“No matter how perfect the thing, from the moment it’s created it begins to be destroyed.”
It reminds me of a line my sainted mother was famous for repeating: “From the moment we are born, we begin to die”.
Or maybe the admonition of the ages: memento mori.
But that second definition speaks to me as a teacher: “gradual decline into disorder”.
Maybe it’s the time of the year, but in my building there’s definitely a lot of folks on edge. The weekly online threats of school violence probably have something to do with it. It also doesn’t help that due to ongoing construction we still have 1000 cars trying to get into the parking lot thru the one remaining entrance every morning, but still: I know I definitely feel less like I’ve got things locked down this year compared to years past.
A presenter (maybe an administrator of some type? Not sure…) once told the staff at one of my schools “what gets monitored gets done”. I don’t really remember if she was speaking of staff or students, but it applies to all of us for sure. Why do you think we all slow down when we see a cop parked on the side of the road?
Our teacher evaluation tool is set up with this concept in mind. Two-thirds of the points come from evidence of ongoing planning, consistent parent contact, and collaboration with colleagues, they type of things we are expected to do all year. Only a tiny sliver is made up of actual classroom teaching. As one of my math teacher colleagues likes to say: “even the worst teacher can pull it together and look reasonably competent for two days out of the year.” There is an incentive to do the foundational work that goes into effective teaching. “What gets monitored gets done.”
Part of the low-level anxiety I’m feeling is due to parenting a freshman in my building. I have a throw-away line I use for some of my kids: “obsessive Skyward checkers” – that student that is in the online gradebook daily, making sure everything turned in is posted, and checking on the hour over the weekend to see if a quiz grade is entered in yet.
Yeah, I am now officially That Dad. If Skyward charged me an access fee I’d be broke. But I’ve got a first-year student trying to find his way at a very competitive school, who maybe is not the most organized 14-year-old on the planet. It’s pretty much my job to help him stay on top of things. Skyward and Canvas are the go-tos.
I’m not sure my extreme oversight is working. It would probably help if I was more consistent with it. He survived the first nine weeks by the hair of his chinny chin chin. I’ve extracted a promise that we won’t do that again. Plus, the spectre of athletic ineligibility is a powerful motivator.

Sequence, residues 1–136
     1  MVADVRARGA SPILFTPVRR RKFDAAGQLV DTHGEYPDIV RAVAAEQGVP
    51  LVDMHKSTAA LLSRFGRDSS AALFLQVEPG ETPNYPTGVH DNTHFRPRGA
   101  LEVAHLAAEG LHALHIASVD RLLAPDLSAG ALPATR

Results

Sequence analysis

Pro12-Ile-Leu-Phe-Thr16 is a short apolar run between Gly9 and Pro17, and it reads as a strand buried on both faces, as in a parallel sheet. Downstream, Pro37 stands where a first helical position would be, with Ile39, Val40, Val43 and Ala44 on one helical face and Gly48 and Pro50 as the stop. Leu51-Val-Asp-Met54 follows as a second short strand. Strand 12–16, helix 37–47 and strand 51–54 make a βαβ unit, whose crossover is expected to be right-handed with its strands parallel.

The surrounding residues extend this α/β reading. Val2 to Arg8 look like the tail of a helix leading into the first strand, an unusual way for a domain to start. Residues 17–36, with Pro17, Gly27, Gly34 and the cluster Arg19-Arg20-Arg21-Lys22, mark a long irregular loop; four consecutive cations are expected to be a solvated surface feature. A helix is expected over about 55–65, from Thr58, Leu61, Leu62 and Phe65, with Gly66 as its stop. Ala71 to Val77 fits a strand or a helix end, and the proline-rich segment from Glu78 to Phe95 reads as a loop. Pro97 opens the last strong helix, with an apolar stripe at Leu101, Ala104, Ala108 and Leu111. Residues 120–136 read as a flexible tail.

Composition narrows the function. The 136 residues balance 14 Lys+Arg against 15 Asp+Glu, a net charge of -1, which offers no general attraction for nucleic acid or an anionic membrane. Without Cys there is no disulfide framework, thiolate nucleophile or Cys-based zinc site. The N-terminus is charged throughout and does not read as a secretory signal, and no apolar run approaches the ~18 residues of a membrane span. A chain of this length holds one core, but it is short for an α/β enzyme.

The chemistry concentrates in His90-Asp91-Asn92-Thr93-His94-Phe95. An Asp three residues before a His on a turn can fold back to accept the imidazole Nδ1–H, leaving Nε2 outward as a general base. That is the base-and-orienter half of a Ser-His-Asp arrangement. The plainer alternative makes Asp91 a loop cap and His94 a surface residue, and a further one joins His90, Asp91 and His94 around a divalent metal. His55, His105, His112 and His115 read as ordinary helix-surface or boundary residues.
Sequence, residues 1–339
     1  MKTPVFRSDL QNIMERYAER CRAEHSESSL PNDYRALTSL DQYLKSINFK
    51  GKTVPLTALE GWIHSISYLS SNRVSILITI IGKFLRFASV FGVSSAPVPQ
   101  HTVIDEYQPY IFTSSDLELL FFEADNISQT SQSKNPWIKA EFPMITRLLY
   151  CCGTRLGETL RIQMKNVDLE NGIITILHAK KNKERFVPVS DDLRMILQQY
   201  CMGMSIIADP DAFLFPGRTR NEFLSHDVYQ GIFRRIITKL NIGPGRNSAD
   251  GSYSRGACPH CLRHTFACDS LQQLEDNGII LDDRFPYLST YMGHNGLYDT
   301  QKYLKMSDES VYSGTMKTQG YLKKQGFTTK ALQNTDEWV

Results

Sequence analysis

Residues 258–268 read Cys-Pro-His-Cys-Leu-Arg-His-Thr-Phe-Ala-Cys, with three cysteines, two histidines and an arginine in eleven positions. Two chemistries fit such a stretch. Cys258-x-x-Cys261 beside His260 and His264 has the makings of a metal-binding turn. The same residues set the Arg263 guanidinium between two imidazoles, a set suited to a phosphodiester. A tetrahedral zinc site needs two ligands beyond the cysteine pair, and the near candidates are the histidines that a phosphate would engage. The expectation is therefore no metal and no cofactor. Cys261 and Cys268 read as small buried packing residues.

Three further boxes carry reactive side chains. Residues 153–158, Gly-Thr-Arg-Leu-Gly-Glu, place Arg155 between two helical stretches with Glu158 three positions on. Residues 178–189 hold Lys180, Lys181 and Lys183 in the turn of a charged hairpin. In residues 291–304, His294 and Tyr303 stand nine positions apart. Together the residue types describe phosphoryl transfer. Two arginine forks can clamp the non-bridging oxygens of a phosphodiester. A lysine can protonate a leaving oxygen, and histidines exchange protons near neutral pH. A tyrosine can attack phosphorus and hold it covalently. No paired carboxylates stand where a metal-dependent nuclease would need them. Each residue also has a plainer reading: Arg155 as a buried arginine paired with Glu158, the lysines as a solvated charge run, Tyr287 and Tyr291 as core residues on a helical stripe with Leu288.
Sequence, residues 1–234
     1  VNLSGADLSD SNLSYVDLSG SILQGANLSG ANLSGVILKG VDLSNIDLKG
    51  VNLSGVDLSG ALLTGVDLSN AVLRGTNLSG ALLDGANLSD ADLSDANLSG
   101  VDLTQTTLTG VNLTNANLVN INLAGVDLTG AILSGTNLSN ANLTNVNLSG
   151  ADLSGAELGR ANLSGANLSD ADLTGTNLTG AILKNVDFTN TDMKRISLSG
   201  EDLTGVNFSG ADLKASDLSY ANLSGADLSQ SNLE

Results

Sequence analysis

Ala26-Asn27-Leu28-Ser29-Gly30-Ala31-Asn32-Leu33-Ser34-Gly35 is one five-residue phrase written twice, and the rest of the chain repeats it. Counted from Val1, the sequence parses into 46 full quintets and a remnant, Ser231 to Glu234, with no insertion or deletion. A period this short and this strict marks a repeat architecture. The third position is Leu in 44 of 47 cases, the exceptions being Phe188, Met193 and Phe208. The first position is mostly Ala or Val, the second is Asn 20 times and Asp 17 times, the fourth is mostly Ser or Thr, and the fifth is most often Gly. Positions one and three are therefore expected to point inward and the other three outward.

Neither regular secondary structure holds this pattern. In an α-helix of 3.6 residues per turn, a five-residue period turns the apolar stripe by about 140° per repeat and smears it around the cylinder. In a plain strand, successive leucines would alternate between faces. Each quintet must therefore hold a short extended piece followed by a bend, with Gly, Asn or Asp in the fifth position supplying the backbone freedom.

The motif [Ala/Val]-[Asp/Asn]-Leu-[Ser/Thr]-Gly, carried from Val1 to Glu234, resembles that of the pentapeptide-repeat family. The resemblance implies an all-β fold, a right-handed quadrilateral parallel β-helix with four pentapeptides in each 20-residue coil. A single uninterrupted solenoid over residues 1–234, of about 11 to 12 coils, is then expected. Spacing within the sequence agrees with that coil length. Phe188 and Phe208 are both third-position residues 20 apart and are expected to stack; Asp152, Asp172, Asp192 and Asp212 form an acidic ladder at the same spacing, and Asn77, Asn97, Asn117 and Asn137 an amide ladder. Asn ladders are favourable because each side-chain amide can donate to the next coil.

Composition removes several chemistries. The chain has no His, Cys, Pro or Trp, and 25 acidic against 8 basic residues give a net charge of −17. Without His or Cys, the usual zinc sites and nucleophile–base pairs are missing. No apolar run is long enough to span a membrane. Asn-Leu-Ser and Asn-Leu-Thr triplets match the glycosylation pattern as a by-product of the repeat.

I mean, he’s still got to learn the words to the school song, right?
I’m pulling out all the stops as I try to reteach him algebra while he does his geometry work. If it works for my students, it’ll probably work for my son. That’s my theory anyway. And that’s what Desmos is for.
Helping my freshman study for a geometry test tomorrow. You’re damn right I set up @Desmos so he could check his answers on “distance from a point to a line” problems. #iteachmath at home too. #mathdad pic.twitter.com/5thWFQ1ZTc
— Stephen Dull (@thedullguy) October 7, 2018
It’s just one of those things – we’re going to have to sit together every night to keep his geometry experience from spinning into chaos. Nobody likes to feel that they are being micromanaged, but sometimes that’s part of teaching or coaching – checking in and benchmarking every single day. It’s easy to get complacent. He buckled down on a geometry daily quiz retake and the flipped notes tonight. He really didn’t want to do the notes, but he did them anyway. Probably because I was sitting next to him and encouraged him.
But that fleeting success was pretty rare. I’m not a drill sergeant. I can’t make anyone do anything. Never have been able to. My kids, or anyone else’s. And I’m sure that’s where part of the current stress is coming from. I know for a fact I’ve got some classroom things I’ve got to tighten up. Kids do their thing. We try to get them to do our thing. With varying levels of success. But if we don’t try, they won’t try.
And that’s a recipe for disaster. Or at least a gradual decline into disorder.